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Global Heartwarming

Our lives are like the threads of a tapestry. We come in different weights and types and colors and we each provide variation to the picture of life. The threads of our lives may cross just once or may brush against one another only in passing. Sometimes, something very special happens and the threads of several lives intertwine, twisting and turning into new directions.

Galo Burbano, CRNA, chief nurse anesthetist at John T. Mather Memorial Hospital, Port Jefferson, N.Y., first helped to organize a medical mission to his native Ecuador in 2006. Twenty-six healthcare professionals from Mather donated their time and expertise. In 2007, word of mouth about the success of the first mission drew twice as many volunteers from Mather and five other institutions, as well as enough donated supplies and equipment to support five surgical tables in the small town of Guayaquil.

Nurses from all the hospitals were generous with their time and energy. Those who didn’t have OR experience helped in the post-anesthesia area and with initial screening. The plan was to offer plastic surgery for cleft palate repair; gynecological procedures; ear, nose, and throat procedures; and general surgery. They expected to give their help and expertise to the local residents. They were not disappointed — the group examined more than 400 people and performed more than 200 procedures during the week they were there. As sometimes happens, however, the trip was only the beginning of a larger, longer journey.

Thinking Outside the Box

Tatiana Franco-Rosero, a 27-year-old mother of two young boys, came to the volunteers for help because of a mass growing in the roof of her mouth. She was losing weight because she was unable to eat her normal diet.

“The plastic surgeon saw the tumor and sent her to the ENT surgeon,” says Burbano. “They were hoping to ‘debulk’ it and make her more comfortable. But, when the biopsy results came back, the diagnosis was papillary carcinoma. She really needed to have the entire tumor resected.”

The procedure was far beyond the capabilities of the mission group, so Burbano began to think of ways to help. Upon returning to the U.S., he presented the situation to Mather Hospital’s CEO, Kenneth Roberts, who offered the use of the surgical suite and support toward meeting the legal requirements for Franco-Rosero’s stay in the United States.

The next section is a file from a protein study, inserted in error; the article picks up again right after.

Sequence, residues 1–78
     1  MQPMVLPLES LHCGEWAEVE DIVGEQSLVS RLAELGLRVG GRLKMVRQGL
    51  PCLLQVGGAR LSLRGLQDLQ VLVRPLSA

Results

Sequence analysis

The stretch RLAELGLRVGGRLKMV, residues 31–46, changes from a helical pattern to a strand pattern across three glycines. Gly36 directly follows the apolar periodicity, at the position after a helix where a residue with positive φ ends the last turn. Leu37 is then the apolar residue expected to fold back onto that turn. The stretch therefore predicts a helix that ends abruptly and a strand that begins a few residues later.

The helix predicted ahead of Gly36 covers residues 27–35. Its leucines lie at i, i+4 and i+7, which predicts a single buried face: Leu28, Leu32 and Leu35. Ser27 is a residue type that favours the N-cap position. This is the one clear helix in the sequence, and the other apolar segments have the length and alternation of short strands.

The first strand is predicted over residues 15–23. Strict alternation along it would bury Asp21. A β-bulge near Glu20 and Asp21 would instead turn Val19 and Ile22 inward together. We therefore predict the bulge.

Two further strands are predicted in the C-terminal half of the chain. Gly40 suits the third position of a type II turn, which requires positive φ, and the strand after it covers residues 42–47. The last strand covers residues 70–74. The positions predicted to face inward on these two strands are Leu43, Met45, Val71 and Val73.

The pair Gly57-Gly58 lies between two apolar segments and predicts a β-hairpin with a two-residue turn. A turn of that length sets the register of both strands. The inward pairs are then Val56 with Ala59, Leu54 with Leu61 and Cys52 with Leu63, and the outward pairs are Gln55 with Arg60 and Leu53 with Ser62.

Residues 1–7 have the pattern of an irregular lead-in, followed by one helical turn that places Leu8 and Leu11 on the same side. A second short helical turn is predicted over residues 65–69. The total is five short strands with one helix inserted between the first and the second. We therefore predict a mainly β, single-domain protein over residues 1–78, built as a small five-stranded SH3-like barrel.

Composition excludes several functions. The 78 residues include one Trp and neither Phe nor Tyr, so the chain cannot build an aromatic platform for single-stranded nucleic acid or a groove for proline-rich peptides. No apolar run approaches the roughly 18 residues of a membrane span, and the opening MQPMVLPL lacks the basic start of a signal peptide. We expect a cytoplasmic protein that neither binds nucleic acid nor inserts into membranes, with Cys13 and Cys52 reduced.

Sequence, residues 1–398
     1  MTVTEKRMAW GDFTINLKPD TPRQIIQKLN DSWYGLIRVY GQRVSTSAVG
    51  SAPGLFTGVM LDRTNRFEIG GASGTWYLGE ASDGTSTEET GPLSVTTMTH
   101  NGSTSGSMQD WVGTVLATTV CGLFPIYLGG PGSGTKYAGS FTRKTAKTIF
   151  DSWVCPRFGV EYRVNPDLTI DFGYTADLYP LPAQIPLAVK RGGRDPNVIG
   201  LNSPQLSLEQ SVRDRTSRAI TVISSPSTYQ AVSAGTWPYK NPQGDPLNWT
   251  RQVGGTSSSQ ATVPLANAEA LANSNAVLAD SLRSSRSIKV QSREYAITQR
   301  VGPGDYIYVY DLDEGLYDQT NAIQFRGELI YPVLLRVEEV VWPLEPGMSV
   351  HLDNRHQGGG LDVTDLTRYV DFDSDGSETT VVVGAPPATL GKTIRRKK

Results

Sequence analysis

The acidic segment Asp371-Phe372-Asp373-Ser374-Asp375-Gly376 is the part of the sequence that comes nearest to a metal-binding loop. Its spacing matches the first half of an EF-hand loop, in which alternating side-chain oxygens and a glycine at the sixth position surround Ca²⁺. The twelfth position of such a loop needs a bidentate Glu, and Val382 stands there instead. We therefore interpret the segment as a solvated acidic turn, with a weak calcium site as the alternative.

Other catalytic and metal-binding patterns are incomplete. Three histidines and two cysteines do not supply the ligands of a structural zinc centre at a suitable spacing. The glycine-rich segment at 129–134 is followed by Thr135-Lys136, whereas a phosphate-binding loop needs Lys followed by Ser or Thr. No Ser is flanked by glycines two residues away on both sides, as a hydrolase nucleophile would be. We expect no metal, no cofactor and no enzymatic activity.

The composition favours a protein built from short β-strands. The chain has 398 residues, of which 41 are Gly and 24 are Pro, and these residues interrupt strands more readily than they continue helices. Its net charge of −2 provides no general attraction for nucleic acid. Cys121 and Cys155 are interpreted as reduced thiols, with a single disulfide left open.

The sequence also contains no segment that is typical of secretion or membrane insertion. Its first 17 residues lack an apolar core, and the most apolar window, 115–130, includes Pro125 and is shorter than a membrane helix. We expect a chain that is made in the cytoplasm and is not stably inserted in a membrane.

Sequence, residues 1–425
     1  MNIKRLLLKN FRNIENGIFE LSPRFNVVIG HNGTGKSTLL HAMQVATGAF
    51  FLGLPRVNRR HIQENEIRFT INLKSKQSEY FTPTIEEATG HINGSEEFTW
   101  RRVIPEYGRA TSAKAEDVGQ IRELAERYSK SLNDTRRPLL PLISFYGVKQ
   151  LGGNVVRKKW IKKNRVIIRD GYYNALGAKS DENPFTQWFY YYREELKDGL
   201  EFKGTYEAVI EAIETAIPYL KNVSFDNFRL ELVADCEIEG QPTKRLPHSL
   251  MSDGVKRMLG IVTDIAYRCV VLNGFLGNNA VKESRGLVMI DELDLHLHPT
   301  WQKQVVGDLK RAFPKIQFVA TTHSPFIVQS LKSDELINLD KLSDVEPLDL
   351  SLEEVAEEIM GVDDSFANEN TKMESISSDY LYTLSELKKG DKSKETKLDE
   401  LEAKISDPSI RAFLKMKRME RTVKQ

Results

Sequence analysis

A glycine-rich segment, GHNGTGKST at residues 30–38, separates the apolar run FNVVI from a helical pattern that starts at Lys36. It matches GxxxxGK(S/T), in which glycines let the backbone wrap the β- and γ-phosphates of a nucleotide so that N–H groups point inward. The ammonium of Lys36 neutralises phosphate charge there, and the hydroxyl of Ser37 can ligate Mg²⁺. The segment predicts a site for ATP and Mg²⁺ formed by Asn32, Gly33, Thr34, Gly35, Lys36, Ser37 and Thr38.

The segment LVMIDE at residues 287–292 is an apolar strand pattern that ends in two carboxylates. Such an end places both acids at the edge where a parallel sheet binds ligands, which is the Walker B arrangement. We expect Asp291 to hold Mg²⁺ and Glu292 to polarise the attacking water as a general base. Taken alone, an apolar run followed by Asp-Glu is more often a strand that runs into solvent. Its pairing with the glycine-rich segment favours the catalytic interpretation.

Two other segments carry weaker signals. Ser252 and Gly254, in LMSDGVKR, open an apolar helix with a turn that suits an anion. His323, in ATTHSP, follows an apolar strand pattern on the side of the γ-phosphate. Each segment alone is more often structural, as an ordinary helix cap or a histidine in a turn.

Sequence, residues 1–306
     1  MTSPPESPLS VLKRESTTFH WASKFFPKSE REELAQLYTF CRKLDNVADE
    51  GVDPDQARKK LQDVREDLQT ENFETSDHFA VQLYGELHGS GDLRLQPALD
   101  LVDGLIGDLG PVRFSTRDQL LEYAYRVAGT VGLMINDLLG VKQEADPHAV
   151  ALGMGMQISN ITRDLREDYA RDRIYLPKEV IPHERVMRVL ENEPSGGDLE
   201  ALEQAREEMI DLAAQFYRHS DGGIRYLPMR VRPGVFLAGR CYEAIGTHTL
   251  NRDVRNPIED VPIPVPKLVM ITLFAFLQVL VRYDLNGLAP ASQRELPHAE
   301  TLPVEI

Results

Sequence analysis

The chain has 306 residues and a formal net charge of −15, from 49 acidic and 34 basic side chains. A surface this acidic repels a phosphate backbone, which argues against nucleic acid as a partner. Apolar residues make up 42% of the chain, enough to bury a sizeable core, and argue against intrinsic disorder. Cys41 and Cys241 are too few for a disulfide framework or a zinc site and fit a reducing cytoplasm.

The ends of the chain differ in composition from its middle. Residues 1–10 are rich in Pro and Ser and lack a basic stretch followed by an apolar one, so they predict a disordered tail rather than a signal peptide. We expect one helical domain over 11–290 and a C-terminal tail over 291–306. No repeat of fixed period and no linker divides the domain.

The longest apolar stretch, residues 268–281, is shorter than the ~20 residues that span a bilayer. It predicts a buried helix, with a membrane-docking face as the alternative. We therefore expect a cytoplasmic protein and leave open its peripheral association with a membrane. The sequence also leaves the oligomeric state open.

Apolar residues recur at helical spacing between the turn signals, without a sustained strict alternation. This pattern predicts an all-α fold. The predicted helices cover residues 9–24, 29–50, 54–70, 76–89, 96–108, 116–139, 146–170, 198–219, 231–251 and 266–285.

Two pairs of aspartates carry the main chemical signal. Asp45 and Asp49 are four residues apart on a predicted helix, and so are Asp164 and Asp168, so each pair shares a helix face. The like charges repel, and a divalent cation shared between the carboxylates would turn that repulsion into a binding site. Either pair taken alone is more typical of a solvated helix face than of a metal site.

Getting Franco-Rosero to the U.S. presented obstacles that Burbano had to overcome. First, a visa had to be secured. Burbano petitioned the consulate in Ecuador and guaranteed Franco-Rosero’s support and care during her stay. Mather nurse Metzi Shea, RN, opened her home to Franco-Rosero when she arrived, and shepherded her through the necessary pre-admission testing and examinations.

The Big Day

The surgical team included (L-r): Sharon Watklevicz, RN; S. Coccaro, MD; Brian Healey, CRNA; Trudy Weeks-Roach, RN; S. Matar, MD; K. Sauer, MD; and Rebecca Griffitt, ORT (or Kim Azar). Other team members (not pictured) included Irma Rivera, RN, Linda Fransisco, RN, Jenn Whitfield, and Mike Watklevicz.

On the day of the surgery, the volunteer surgical team gathered for the eight-hour procedure. The circulating nurses, scrub nurses, and nurse anesthetist were all working on their day off, as were the three surgeons who led the team. One surgeon removed the tumor and another surgeon inserted a feeding tube. The third surgeon performed a temporalis muscle flap graft to repair the large hole left in the palate after the tumor was removed. In this rare procedure, the muscle is freed from the temporal bone and rotated down into the area and across the palate, covering the hole.
“The procedure is unusual and the results are amazing,” says Burbano.

“Cosmetically, it was very successful — it isn’t at all obvious that she had the surgery.”

In the PACU, the nurses were able to reassure Franco-Rosero that all was well. The ICU, however, posed another challenge. Burbano lauds the ICU nurses’ compassion as they coped with the language barrier.

The story didn’t end with the surgery, and the support of the volunteers didn’t end there either. Franco-Rosero was discharged to Shea’s home, where she received the care and instruction needed to care for her mouth and administer the tube feedings that gave the surgical site a chance to heal. She has no sensation in the roof of her mouth and has had to learn about protecting the area from sharp and hot foods. Her last hurdle before going home is the radiation therapy that will be completed in a few weeks.

Helping her has enriched the lives of a long list of healthcare providers and has added deep colors of compassion, kindness, and satisfaction to the tapestry of life.

By | 2020-04-15T15:45:22-04:00 May 19th, 2008|Categories: Uncategorized|0 Comments

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